Lao govt pledges to tackle public debt, price increases


VIENTIANE (Vientiane Times/Asia News Network): The government has vowed to further address mounting public debt and the vulnerability of the macroeconomy to prevent the country from being dragged into default.

At the two-day monthly cabinet meeting which wrapped up on Friday, the sectors concerned were told to bring currency exchange rates under control and put a cap on inflation, to minimise the impacts on the general public.

Chaired by Prime Minister Phankham Viphavanh (pic) and attended by cabinet members, the meeting instructed the entities responsible to quickly address the debts accumulated by state-owned enterprises and to prevent the accruement of unnecessary debt.

The government stressed the need to further reform Electricite du Laos and the Lao State Fuel Enterprise to ensure they operate efficiently in the future.

The departments responsible were also urged to improve the effectiveness of state-funded development projects and improve the investment climate in order to spur business growth.

Government Spokesperson Mrs Thippakone Chanthavongsa told a press conference that authorities must push for the fulfilment of foreign-funded development projects approved by the government and ensure the inflow of more foreign currency into Laos by carefully inspecting the contracts signed by foreign investors.

The bodies responsible also need to make sure that rail services are improved to facilitate tourism sector.

The government pledged to address the aftereffects of flooding around the country and ordered authorities to provide relief aid and repair damaged roads, bridges and irrigation systems.

In addition, the government will tackle unemployment and attempt to train up more people to meet the needs of the job market.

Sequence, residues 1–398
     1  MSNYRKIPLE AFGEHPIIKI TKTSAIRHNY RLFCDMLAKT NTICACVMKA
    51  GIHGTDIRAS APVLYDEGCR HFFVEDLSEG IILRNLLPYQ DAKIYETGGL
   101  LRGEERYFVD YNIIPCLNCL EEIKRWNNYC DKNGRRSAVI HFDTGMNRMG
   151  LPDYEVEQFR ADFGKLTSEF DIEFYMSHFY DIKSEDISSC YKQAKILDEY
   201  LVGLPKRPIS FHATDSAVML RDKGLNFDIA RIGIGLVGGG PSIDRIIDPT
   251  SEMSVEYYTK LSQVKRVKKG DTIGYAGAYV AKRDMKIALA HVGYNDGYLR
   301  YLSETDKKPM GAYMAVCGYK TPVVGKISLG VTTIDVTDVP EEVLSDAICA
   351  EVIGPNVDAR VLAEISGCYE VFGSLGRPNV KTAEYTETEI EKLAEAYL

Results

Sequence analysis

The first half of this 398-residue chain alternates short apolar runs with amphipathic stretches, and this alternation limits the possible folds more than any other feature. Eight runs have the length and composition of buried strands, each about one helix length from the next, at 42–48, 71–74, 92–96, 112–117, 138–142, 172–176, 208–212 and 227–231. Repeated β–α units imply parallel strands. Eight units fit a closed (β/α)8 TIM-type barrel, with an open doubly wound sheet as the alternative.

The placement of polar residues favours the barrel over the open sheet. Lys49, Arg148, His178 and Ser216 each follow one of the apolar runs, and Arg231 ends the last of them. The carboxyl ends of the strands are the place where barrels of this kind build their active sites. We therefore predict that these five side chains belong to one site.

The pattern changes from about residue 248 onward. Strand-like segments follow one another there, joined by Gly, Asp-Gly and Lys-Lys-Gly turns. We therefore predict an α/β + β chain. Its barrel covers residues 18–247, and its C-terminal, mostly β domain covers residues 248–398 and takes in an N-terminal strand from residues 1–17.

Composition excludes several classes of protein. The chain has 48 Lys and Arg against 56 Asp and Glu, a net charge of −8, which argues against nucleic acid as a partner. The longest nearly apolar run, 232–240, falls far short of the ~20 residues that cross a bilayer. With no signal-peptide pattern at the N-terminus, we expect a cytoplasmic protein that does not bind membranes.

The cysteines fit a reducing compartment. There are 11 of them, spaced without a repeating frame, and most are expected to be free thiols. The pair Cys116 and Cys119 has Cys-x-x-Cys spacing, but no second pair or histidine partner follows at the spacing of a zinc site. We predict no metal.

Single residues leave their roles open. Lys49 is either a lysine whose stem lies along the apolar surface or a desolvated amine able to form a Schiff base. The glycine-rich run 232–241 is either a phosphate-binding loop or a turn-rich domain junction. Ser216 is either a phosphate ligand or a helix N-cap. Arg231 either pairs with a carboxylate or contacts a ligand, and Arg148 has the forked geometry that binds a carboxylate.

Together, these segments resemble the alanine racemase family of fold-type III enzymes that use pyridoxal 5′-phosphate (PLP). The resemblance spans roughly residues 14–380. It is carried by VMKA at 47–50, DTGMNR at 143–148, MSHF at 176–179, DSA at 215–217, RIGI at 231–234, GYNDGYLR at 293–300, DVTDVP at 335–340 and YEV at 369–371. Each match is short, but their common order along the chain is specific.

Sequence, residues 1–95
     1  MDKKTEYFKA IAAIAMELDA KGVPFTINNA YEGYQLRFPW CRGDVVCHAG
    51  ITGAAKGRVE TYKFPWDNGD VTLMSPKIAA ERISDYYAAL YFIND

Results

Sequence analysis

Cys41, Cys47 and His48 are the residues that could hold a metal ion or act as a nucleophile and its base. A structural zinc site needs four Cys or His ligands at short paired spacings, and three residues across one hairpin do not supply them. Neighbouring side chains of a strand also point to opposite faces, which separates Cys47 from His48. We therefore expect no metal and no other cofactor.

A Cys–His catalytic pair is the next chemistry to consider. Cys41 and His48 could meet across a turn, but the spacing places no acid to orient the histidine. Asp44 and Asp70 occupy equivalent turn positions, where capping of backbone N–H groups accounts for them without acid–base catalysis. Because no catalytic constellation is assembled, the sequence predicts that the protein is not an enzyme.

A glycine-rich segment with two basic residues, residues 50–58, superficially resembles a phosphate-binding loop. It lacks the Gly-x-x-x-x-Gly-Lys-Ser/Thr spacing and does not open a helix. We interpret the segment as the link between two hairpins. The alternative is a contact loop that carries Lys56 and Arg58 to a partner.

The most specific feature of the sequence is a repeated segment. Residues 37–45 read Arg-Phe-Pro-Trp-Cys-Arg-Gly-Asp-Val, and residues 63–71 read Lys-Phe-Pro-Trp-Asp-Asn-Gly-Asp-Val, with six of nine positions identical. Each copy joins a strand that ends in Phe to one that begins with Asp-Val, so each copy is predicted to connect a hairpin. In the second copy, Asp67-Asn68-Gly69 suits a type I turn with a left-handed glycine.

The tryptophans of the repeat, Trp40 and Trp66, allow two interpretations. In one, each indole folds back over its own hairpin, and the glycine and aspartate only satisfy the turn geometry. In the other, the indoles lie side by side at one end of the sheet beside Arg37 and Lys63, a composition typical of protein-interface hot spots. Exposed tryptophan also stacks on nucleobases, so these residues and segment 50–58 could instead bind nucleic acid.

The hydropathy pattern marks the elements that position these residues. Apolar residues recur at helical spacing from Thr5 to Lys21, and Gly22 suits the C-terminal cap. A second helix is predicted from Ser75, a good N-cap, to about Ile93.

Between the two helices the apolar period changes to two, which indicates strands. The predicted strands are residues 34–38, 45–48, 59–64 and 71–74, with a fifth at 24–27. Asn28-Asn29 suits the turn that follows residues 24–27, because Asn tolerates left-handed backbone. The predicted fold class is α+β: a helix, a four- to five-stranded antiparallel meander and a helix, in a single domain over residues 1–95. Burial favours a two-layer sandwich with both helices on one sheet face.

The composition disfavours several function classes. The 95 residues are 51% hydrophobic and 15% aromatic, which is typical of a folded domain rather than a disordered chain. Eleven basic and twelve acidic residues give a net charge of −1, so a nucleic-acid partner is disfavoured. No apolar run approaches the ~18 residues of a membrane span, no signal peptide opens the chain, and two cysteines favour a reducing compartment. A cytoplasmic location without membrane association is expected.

Several important documents were endorsed during the meeting, with the first relating to the strategy on adaptation to climate change and water resource management until 2030.

Another concerned the management of agricultural land until 2030 and 2040. The government says it is essential to clearly define areas of agricultural land and spell out the measures needed to conserve land for commercial crop production and to ensure food security in Laos.

A report on the financial self-sufficiency of state agencies was debated. The sectors responsible were instructed to revise legislation in this regard to facilitate a pilot project aimed at the financial self-reliance of state-run entities.

A master plan on land use and development was outlined, which proposes to extend the Patouxay park in central Vientiane. This would see the Ministries of Justice, Public Works and Transport, and Agriculture and Forestry relocated to other areas.

Vientiane authorities were told to hire professional engineers to design the new site, which would be a landmark development and a focus of attraction in the capital.

Meeting participants also discussed the possibility of relocating the Ministry of Foreign Affairs’ Consular Department to another area to ease traffic congestion. It was noted that financial constraints precluded this taking place in the near future, but it was agreed that changes must be made to ensure easier access.

Article type: free
User access status:
Subscribe now to our Premium Plan for an ad-free and unlimited reading experience!

Laos , debt , price , increases

   

Next In Aseanplus News

Indonesia aims to starts collecting coal levy in Q1 2023, says minister
Thailand moves up in list of best countries for retirement
Youth HIV infection in the Philippines up 47 per cent since 2019
Cabinet line-up feels unfair to DAP, says Penang CM
International arrivals to Vietnam in 11 months; surging 21 times from same period last year
UN human rights chief decries new Myanmar death sentences
Thailand says most institutional investors must pay stock tax
Magnitude 6.4 quake hits Indonesia's West Java; quake felt in Jakarta
Vietnam to reduce environmental impact of textile-garment industry by 2030
Anwar: Govt to continue focus on strengthening, empowering the disabled community

Others Also Read